A balancing act

In two previous posts this week I tried to identify some of the reasons why students fail to engage in collaborative online learning environments, and also tried to suggest some possible solutions to the problem of social loafing. I thought Dean Groom's response - Why aren't they doing anything? - yesterday was particularly useful because it highlighted that there are differences between engagement in formal learning environments and informal environments such as massive multiplayer online games. I agree and suggest that it must be to do with different kinds of motivation. MMORPGS are designed with massive participation in mind and are usually more fun. Today I want to talk about some of the ways online groups work together.

Some previous research can shed light on these issues. In 1994 McGrath and Hollingshead showed that groups interacting using technology tend to take on specific roles within the group, and this often occurs spontaneously. They quote the theory of TIP (time, interaction and performance) which regards groups operating continuously and simultaneously within the three separate functions of production, member support and group well-being. There are in fact three types of support required by online learners (Carnwell, 1999). They are academic support, emotional and social support and technical support. I have observed with my own student groups that the last two are often taken care of by the members of the group themselves. It's the first one that is the sole preserve of the e-tutor.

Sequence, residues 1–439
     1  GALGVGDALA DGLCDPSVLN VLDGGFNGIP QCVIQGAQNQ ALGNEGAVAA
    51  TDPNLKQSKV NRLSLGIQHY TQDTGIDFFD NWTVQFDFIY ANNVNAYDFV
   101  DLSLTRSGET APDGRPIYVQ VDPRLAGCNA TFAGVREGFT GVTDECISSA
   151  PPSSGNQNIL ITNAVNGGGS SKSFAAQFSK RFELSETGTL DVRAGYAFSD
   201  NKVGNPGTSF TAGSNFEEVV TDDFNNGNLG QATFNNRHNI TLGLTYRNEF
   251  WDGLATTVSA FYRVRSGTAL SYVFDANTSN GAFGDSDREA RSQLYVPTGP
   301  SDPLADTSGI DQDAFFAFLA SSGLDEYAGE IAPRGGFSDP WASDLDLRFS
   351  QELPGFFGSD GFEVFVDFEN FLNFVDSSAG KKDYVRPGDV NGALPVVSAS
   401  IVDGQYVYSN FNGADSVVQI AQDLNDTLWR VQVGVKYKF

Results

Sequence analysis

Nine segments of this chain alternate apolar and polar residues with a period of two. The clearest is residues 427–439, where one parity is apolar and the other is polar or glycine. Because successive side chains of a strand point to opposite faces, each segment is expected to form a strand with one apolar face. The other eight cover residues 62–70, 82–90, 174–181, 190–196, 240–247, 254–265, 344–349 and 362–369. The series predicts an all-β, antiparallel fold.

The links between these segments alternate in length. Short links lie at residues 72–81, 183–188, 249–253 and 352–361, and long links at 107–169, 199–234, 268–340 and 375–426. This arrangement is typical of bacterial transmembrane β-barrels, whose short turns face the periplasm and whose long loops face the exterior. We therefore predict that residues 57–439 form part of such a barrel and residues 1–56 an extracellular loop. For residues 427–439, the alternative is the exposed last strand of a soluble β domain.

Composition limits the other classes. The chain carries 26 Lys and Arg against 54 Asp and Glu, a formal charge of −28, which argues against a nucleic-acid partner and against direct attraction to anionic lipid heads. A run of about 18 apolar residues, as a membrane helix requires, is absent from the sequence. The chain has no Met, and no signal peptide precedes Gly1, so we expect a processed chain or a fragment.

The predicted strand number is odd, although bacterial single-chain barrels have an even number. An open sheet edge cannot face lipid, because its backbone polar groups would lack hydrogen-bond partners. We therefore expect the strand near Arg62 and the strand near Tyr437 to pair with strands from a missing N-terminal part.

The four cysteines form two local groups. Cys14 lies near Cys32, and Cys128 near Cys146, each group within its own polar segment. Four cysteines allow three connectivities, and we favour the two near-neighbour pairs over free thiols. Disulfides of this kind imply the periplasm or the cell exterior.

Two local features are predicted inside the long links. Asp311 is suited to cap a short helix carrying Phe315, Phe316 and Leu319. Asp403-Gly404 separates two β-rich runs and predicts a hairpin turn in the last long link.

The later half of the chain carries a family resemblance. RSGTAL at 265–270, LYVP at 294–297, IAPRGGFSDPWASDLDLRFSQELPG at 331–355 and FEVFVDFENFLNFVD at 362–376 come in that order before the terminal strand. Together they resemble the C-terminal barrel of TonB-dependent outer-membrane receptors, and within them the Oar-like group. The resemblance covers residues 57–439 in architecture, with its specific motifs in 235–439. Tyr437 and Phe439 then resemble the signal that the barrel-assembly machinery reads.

Palloff and Pratt (1999) discovered that in many of their online student groups, individual learners emerged to take on specific roles in the support and group well-being functions, such as 'encourager', and conflict 'mediator'. They also saw that there are students who take it upon themselves to chase up other students when they have not been seen participating for a while in the online group discussions (akin to the student self-policing I mentioned yesterday). It would be interesting to discover whether such students would also adopt similar roles in a conventional classroom setting, but Palloff and Pratt offer no information on this. They do however, comment that the emergence of these roles is a strong indicator that community is forming within the online community, and that this mirrors the processes that occur in traditional community settings.

It's often the case that online environments mirror what happens in the real world. Online tutors often find themselves in a fine balancing act - they should be aware of these issues, intervening when necessary, but knowing when to step back so that the virtual group can self-regulate.

References

Carnwell, R. (1999) Distance education and the need for dialogue. Open Learning, 14 (1), 50-55.
McGrath, J. E. and Hollingshead, A. B. (1994) Groups Interacting with Technology. Thousand Oaks, CA: Sage Publications.
Palloff, R. M. and Pratt, K. (1999) Building Learning Communities in Cyberspace: Effective Strategies for the Online Classroom. San Francisco, CA: Jossey Bass.

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